FOOTNOTES February 2001
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IOM Hears Concerns About Human Subjects’ Protection

by Angela L. Sharpe, Associate Director for Government Affairs, Consortium of Social Science Associations

Federal and non-federal organizations continue to examine the issue of human research participants protection. On January 22, the Institute of Medicine’s (IOM) Committee on Assessing the System for Protecting Human Research Subjects held a public forum to gather information for its assessment of the system for protecting human research participants. The Committee heard the various perspectives (institutional, participant, and investigator) of those conducting research involving humans.

Representatives from the Department of Health and Human Services (Office of Human Research Protections, Centers for Disease Control and Prevention, and the Food and Drug Administration), the National Science Foundation, and the Veterans’ Administration also provided testimony. Opening the meeting, Chair Daniel Federman (Dean for Alumni Relations and Clinical Teachings, Harvard) emphasized that the committee will “deliberate thoroughly” before writing its draft report and that no conclusions or recommendations by the Committee would be made at the meeting.

Several individuals offered perspectives regarding the difficult and challenging problem of how to accommodate the social and behavioral sciences in a system based on a model created to deal with biomedical and clinical research.

Felice Levine, Executive Committee member of the Consortium of Social Science Associations (COSSA) and Executive Officer of the American Sociological Association (ASA), addressed the Committee on behalf of COSSA and from the perspective of researchers. Levine informed the Committee that most of the professional associations within COSSA have developed ethical guidelines for researchers to follow in conducting their research, particularly where human participants are part of the research design. She emphasized, however, that there was considerable concern about the “growing fault lines in the system that protects human participants and the gap that has developed between law and policy ‘on the books’ and ‘in action.’” For example, said Levine, researchers utilizing secondary data are being asked to seek approval by Institutional Review Boards (IRBs) to use these data even though the information is anonymous and the subjects are already protected under earlier protocols.

Commenting on proposed standards for accreditation of institutions’ human research protection plans, she noted that they provide further evidence of the inherent problem with the current system. If these standards are intended to be universal and to fit all research involving human participants, she said, they need to be framed in a way that meaningfully includes all research fields.

In addressing the Committee, Levine framed the concerns of the social and behavioral science community into ten recommendations. Written testimony from COSSA and ASA will provide specific illustrations of where the social and behavioral science community thinks that accreditation standards are problematic for achieving the proposed goals and where they are specifically problematic for the social and behavioral science community.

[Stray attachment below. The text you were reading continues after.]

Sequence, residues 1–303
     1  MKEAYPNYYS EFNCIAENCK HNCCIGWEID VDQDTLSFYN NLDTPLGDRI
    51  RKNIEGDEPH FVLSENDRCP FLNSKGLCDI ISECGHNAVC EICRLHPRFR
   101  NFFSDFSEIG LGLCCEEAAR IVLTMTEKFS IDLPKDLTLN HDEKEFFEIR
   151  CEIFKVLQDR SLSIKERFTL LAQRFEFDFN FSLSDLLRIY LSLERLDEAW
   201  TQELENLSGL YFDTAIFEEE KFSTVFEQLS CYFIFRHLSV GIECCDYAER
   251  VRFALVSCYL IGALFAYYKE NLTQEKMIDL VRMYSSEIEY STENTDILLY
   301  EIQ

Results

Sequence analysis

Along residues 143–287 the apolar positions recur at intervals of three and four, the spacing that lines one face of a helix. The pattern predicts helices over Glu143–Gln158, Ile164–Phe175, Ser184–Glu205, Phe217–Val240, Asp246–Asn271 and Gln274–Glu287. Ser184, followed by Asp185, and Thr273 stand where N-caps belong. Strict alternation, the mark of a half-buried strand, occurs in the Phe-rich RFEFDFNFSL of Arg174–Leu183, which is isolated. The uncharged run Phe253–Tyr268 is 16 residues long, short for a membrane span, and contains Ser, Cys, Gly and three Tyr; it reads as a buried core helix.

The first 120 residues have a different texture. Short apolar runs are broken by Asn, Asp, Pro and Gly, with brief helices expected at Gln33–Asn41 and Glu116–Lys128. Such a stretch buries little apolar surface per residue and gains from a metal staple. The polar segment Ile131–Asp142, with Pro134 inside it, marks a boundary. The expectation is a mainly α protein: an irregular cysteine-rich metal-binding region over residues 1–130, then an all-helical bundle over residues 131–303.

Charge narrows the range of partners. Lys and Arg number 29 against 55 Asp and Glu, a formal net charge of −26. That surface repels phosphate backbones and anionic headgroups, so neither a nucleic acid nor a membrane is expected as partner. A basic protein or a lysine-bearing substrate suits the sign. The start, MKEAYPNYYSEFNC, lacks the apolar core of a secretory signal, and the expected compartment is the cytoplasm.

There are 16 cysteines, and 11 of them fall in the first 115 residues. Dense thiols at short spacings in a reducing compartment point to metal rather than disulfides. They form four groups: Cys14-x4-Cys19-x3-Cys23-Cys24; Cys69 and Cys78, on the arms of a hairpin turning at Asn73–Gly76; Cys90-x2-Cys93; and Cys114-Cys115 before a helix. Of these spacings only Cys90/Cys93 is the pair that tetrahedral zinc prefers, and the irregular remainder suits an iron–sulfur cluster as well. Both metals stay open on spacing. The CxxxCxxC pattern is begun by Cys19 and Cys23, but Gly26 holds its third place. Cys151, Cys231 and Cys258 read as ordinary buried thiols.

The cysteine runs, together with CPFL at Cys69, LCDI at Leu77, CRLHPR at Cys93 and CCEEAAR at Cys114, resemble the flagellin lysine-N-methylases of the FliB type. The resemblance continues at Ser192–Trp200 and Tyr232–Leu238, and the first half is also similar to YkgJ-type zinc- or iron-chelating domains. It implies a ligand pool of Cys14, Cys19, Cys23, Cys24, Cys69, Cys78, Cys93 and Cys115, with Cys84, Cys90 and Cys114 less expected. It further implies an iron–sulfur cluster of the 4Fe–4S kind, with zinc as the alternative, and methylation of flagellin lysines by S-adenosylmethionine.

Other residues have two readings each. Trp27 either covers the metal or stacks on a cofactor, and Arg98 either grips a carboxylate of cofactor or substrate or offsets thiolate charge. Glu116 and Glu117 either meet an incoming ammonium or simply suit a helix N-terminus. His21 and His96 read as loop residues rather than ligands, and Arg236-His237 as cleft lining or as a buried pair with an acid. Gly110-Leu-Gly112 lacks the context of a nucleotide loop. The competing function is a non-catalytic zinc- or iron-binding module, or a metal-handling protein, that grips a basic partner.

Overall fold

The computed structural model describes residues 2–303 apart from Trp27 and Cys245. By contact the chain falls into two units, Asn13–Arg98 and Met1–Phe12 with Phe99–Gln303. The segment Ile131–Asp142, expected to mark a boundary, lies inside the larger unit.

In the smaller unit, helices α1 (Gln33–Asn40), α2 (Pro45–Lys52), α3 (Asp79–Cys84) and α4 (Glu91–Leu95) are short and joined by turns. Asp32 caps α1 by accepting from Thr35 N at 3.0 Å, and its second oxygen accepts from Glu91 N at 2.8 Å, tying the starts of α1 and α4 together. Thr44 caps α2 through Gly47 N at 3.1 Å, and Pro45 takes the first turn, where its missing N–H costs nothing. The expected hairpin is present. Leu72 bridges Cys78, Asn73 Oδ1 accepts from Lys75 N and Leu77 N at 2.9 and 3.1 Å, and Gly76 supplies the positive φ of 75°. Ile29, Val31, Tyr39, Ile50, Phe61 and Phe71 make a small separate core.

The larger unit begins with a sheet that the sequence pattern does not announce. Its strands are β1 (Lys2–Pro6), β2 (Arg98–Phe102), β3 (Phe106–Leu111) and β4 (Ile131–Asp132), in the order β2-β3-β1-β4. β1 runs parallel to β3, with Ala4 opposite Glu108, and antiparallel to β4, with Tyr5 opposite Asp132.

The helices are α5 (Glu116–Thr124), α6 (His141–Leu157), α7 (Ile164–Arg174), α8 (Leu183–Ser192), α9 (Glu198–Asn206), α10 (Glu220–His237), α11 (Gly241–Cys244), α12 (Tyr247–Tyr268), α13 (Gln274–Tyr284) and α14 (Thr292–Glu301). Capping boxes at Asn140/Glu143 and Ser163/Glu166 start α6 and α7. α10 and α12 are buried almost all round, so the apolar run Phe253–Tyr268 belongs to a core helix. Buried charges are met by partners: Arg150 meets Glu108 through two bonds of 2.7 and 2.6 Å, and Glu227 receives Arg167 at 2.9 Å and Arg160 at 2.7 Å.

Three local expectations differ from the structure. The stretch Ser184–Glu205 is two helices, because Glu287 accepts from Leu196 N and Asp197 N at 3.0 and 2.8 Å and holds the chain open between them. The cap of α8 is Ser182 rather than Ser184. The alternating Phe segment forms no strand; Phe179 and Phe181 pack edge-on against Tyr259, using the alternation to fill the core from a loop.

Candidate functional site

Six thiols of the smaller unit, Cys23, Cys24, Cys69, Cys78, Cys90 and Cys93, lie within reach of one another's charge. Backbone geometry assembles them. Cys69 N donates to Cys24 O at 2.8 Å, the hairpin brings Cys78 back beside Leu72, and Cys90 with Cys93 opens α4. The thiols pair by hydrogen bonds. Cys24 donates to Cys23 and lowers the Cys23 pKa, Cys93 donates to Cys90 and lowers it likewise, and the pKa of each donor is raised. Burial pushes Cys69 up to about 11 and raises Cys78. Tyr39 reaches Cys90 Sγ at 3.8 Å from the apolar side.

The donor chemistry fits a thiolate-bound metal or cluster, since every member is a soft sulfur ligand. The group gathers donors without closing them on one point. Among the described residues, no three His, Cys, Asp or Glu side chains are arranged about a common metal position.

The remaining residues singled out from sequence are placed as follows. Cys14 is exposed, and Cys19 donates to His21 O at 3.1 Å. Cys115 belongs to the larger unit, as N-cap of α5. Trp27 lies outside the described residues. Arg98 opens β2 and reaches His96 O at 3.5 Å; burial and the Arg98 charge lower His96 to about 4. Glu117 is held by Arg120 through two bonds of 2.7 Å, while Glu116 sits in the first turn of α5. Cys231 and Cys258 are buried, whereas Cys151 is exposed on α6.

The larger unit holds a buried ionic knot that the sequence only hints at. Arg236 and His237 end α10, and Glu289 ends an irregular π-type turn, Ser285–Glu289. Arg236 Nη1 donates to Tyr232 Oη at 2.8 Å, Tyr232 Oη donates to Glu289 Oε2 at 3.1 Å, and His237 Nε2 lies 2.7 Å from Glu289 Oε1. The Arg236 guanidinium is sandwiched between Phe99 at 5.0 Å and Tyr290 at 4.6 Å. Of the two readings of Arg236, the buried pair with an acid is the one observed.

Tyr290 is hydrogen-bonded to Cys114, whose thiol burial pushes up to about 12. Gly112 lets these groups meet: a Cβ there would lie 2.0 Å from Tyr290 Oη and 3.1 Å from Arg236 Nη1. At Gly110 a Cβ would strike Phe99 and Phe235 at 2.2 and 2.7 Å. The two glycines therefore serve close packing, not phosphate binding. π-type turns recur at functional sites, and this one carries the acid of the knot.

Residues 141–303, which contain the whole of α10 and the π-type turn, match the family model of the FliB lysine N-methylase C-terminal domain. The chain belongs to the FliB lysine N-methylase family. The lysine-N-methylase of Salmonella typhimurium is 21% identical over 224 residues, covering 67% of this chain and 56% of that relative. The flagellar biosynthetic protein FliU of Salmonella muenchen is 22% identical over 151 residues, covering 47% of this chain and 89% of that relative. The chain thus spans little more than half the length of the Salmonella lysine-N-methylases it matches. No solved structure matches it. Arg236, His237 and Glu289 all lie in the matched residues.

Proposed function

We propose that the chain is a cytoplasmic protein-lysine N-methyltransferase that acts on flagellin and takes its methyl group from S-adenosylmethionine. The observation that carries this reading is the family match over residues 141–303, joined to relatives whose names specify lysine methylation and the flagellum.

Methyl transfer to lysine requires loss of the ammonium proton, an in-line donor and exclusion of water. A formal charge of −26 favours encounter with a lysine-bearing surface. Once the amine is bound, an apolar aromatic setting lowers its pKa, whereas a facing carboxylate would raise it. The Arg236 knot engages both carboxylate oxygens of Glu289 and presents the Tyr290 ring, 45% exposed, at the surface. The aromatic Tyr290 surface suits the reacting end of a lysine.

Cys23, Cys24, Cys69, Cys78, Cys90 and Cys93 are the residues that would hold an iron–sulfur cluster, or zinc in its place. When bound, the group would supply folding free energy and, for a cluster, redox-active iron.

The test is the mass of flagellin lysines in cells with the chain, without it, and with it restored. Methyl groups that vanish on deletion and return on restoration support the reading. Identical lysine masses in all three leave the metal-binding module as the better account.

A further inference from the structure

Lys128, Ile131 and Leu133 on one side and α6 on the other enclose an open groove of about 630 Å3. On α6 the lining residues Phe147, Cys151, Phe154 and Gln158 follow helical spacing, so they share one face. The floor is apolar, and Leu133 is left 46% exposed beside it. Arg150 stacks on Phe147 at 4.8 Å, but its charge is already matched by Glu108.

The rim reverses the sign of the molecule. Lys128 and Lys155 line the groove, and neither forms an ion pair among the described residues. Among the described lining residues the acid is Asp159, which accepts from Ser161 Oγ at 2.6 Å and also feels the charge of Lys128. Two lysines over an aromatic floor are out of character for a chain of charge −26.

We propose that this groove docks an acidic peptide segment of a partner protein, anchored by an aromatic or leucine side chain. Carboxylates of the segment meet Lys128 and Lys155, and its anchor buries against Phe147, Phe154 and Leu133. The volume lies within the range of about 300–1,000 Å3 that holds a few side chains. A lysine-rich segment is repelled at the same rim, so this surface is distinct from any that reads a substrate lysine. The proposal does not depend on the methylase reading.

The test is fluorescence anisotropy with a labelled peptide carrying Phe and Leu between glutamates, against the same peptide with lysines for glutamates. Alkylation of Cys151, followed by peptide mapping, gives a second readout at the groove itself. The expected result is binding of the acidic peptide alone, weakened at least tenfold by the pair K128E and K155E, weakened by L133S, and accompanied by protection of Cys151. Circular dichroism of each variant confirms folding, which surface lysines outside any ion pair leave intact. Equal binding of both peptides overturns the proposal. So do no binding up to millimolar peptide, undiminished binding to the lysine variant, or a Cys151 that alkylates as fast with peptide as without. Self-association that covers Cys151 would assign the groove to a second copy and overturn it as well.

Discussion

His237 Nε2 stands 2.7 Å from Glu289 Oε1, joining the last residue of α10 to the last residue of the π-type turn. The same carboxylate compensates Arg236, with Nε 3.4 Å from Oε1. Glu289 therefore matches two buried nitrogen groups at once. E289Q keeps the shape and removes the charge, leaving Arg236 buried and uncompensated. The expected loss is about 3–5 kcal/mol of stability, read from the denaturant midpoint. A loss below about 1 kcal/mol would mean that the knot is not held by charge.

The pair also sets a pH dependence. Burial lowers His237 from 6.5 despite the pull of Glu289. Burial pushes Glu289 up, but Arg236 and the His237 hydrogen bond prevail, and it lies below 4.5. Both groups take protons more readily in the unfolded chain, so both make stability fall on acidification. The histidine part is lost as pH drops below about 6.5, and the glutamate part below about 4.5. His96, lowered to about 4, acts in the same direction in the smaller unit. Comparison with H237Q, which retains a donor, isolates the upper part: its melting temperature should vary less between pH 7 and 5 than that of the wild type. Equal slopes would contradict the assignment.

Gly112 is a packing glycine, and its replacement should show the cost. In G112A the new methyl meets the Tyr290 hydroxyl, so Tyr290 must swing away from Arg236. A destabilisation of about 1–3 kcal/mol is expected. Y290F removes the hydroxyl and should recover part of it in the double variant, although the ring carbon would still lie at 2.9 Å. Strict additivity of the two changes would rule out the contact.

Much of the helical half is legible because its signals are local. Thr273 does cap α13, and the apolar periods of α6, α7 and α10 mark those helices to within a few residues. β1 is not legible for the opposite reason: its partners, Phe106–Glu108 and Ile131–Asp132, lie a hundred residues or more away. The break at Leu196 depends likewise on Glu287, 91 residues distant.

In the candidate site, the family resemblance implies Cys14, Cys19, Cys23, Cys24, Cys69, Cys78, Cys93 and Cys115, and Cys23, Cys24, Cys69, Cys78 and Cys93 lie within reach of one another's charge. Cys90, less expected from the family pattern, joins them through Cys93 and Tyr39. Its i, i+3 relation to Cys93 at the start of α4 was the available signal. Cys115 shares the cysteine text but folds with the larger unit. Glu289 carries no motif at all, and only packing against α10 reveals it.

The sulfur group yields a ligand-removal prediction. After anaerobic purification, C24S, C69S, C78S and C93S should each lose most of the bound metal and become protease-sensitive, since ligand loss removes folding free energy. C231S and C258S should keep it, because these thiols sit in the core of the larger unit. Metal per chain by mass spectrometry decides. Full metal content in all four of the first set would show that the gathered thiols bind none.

1. Seize the Moment for Effective Leadership on Behalf of all Science. The IOM has the opportunity to provide guidance on an accreditation system and a human research participant protection system that effectively reaches all areas of research and effectively serves all Federal funding agencies engaged in the support of such research—not just the biomedical sciences.

2. Slow the Process Down Sufficiently to Ensure Quality Decisions. There is virtue in moving ahead, but there is also virtue to slowing the process down enough to ensure that the standards are meaningful for all science. If the standards for accreditation are to be more effective than the current process for obtaining assurances of compliance under the Common Rule, then the two important IOM studies (concerning the overall structure and function of human participant activities, including IRBs, and criteria for evaluating the performance of human subject protection activities) yet to be undertaken should logically proceed before crafting and finalizing accreditation standards (a message echoed by several participants).

3. Ensure the Fit. The proposed accreditation standards integrate many pieces of the Common Rule but use these regulations in a different context, often coupled with other ideas. The disjuncture between the Common Rule and accreditation standards needs careful scrutiny and analysis.

4. Know the Devil is in the Details. The proposed standards are not couched in the language of any one science or arena of research per se, but when coupled with the commentary, are biomedical and heavily clinical. Accordingly, they pay only lip service to other substantive arenas of work; this is especially problematic for the social and behavioral sciences. If the commentary will be presented, its role needs to be clear and the examples across areas of research specified.

5. Keep Judgments of Best Ethical Practices Distinct from Judgments about the Quality of the Research. The proposed accreditation standards overreach to what constitutes quality science and do not sufficiently distinguish between these judgments and what constitutes ethical practices in science. The standards shift from the criteria for the accreditation of Institutional Review Boards to the assessment of the research and the researcher.

6. Assure Clarity, Simplicity, and Transparency; These Attributes are Fundamental to Accreditation Standards of Excellence. Many of the standards require judgments that are impossible to make. The standards should not tell an institution how it should achieve its goals, but should set forth what the standards or goals are.

7. Strengthen the Educative Role of the Standards Themselves. The proposed standards, especially the commentary, provide little in the way of education, particularly with regard to the social and behavioral sciences.